Food poisoning can be defined as any illness caused by consumption of foods contaminated by natural or chemical toxins, pathogenic bacteria, parasites and viruses. Improper preparation or storage of foods can lead to food contamination, and food poisoning.
Some chemicals can contaminate foods and lead to foodborne illness. Some of these chemicals are artificial (medicines or pesticides), whereas others are naturally toxic, (such substances can be found in certain types of fish and mushrooms.)
Bacteria are the most common causes of food poisoning. In such cases, the symptoms will probably be delayed and they will start once the bacteria multiply. In most cases, the symptoms will start one or two days after consuming contaminated food.
Here are the most common bacterial pathogens that contaminate foods:
What Are the Symptoms of Food Poisoning?
The symptoms may vary, depending on the contamination sources. In most cases, food poisoning causes:
• Abdominal pain
• Watery diarrhea
• Abdominal cramps
The symptoms can start several hours after consuming the contaminated food. In some people, the symptoms can start several days later.
The severity of symptoms will depend on the cause of food poisoning. Most symptoms will stop after several days. However, it is important to know when to contact your doctor.
*If you start having any of the following symptoms, contact your doctor:
– Blood in vomit
– Frequent vomiting
– Extreme pain in the abdomen
– Severe cramps
– Blood in stools
– Severe diarrhea that lasts longer than 3 days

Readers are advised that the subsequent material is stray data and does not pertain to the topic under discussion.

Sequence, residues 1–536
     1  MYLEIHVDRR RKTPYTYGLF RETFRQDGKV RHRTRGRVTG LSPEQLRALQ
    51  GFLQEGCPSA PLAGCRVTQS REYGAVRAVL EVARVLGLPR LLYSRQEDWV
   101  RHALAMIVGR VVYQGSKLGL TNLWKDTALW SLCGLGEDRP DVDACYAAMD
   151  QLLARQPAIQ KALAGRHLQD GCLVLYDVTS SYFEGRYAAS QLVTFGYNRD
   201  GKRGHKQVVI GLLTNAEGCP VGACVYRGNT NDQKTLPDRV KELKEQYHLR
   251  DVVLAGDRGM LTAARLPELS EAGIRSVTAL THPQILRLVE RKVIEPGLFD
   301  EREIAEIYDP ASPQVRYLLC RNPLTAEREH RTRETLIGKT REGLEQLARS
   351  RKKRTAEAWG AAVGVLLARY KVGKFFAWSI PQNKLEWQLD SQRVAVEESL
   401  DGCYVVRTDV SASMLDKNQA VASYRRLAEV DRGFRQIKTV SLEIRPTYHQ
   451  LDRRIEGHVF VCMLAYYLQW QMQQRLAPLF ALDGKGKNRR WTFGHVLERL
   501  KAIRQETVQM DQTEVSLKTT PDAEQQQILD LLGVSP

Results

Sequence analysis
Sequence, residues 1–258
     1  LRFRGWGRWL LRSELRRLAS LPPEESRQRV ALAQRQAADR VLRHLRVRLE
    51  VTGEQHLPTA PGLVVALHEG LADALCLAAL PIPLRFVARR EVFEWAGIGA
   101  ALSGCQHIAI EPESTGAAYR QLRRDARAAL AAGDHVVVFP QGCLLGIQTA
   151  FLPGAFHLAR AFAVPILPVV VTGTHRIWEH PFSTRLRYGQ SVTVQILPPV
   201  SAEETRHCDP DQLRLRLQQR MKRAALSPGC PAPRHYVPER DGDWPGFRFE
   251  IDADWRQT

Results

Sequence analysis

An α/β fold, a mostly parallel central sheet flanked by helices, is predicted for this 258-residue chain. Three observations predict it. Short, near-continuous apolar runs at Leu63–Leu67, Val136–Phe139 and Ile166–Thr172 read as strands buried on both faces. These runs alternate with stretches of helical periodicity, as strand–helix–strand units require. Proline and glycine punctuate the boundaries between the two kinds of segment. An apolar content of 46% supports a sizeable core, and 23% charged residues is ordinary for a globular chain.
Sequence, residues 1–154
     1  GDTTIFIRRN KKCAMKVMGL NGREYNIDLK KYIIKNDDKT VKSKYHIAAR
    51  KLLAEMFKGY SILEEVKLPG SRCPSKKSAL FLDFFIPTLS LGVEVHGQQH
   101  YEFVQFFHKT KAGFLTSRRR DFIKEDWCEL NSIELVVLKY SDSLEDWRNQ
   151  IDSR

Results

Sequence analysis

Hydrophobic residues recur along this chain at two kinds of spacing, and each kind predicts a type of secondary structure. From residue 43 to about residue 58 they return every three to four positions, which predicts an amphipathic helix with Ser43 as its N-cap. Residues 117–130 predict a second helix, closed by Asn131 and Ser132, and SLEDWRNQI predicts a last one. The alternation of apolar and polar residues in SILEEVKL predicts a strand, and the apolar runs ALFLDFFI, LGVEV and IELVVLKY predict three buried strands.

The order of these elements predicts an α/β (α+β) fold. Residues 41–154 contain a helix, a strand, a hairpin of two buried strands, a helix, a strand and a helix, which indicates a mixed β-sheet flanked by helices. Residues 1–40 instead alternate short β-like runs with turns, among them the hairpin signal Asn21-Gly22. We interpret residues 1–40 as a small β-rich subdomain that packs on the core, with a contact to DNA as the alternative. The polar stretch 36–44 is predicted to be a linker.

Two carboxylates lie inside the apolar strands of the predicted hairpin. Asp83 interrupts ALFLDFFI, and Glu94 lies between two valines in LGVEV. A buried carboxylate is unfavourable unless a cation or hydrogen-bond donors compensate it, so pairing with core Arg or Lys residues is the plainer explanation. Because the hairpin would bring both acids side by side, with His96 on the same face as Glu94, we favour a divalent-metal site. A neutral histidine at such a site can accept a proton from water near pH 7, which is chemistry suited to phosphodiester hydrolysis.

– Temperature higher than 38.6 C (101.5 F)
– Dehydration symptoms, like mouth dryness, excessive thirst, severe weakness, lightheadedness, dizziness, no urination
– Difficulty swallowing
– Extreme muscle weakness
– Double vision
What You Can Do to Prevent Food Poisoning
• Don’t eat undercooked or raw eggs or meat.
• Before you buy meat or any product that contains meat, check the expiration date first.
• Dairy products, meat and eggs have to be thoroughly cooked.
• Don’t keep raw meat near other foods
• If you are in a restaurant, and you get an undercooked meal, don’t eat it! Send it back and ask for a new one.
• Use hot water and antibacterial soap to wash your hands, knives, cutting boards and eating utensils, after handling poultry, raw meat, eggs and seafood. Although wooden cutting boards seem to be quite popular, it will be better not to use these, because they are difficult to clean. Even if a cutting board appears clean, it can have a lot of bacteria all over it.
• Don’t buy unpasteurized milk or any other products that are made from it.
• Don’t leave meat, eggs, seafood, milk or poultry at room temperature. Keep the leftovers in the refrigerator.
• Raw fruits and vegetables must be washed before cooking them. If you eat them raw, you need to wash them thoroughly.
• Drink pasteurized juices. Juice concentrates are safe, as well as commercial juices that have extended shelf life.
• If you have diarrhea, nausea, or vomiting, don’t prepare meals for other people. Avoid physical contacts with foods for infants and old people (they are more vulnerable to infections).
• After handling animals, wash your hands thoroughly.
• Hard cheeses, cottage cheese, yogurt and processed cheeses are safer than soft cheeses (camembert, brie, feta, etc)